Sources say sultanate, which is rated junk by the three major rating companies, is in talks with local and international banks
Oman, the most vulnerable Gulf country in the oil-price war, plans to raise more than $1 billion in loans in the first half to bridge its budget deficit, according to people with knowledge of the plans.
The sultanate, which is rated junk by the three major rating companies, is in talks with local and international banks about the borrowing, the people said, asking not to be identified because the talks are private. No decision has been made, they said.
If oil prices remain low the government will focus on asset sales and reserves to fill a widening gap, one of the people said. The Ministry of Finance didn’t immediately respond to requests for comment.
The sultanate is still addressing the impact of the last oil price crash in 2014 and is set to post it’s seventh straight budget deficit, according to the International Monetary Fund. With a population of 4 million, the country often serves as a mediator in the region and in recent years refused to follow Saudi policies toward Yemen, Iran and Qatar.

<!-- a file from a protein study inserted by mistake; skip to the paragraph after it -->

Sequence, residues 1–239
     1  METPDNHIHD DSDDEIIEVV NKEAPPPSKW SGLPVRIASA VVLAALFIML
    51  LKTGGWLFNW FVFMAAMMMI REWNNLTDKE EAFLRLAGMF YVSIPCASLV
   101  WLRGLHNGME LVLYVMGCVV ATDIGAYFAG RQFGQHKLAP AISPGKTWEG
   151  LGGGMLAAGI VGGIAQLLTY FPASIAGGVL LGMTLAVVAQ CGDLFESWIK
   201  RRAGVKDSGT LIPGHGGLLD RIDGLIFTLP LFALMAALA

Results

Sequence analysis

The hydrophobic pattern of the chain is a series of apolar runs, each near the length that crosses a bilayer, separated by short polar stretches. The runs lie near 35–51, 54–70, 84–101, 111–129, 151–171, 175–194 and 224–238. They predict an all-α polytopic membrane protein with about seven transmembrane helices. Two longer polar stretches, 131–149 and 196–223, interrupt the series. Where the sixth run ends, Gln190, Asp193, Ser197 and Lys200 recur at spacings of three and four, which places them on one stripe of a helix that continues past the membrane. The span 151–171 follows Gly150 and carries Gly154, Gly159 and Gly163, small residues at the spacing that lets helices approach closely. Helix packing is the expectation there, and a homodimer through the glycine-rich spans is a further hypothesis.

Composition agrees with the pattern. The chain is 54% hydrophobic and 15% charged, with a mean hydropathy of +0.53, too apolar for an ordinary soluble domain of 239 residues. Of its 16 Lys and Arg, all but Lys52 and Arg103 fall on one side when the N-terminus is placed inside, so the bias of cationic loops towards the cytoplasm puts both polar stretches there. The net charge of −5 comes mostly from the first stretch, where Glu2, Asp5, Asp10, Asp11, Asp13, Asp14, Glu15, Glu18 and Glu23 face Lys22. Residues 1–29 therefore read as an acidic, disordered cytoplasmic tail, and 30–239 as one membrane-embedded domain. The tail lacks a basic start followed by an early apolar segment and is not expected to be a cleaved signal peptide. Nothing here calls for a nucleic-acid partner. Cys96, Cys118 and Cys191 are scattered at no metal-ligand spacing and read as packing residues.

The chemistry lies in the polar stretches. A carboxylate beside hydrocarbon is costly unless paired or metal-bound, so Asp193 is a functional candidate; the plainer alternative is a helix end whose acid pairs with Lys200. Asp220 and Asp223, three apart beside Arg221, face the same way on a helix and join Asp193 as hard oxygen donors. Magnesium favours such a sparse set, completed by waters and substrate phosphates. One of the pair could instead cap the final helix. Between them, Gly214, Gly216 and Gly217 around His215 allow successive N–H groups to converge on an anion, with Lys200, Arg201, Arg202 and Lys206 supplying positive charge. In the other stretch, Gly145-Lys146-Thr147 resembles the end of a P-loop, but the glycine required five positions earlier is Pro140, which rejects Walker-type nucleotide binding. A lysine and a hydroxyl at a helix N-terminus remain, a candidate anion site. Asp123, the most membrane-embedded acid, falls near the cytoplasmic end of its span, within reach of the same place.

The largest Arab crude producer outside OPEC calculated its 2020 budget with a deficit of 2.5 billion rials ($6.5 billion) based on an average oil price of $58 per barrel, way above oil’s current level of about $35 a barrel.
“Out of the six Gulf countries, Oman is the most vulnerable to current oil prices,” said Ziad Daoud, Bloomberg’s chief economist for the Middle East. The state is part of the Gulf Cooperation Council that includes Saudi Arabia and the United Arab Emirates.
Oman’s newly-appointed Sultan Haitham bin Tariq Al Said said last month he plans to lower debt. The country had planned to borrow 2 billion rials to bridge the bulk of the deficit.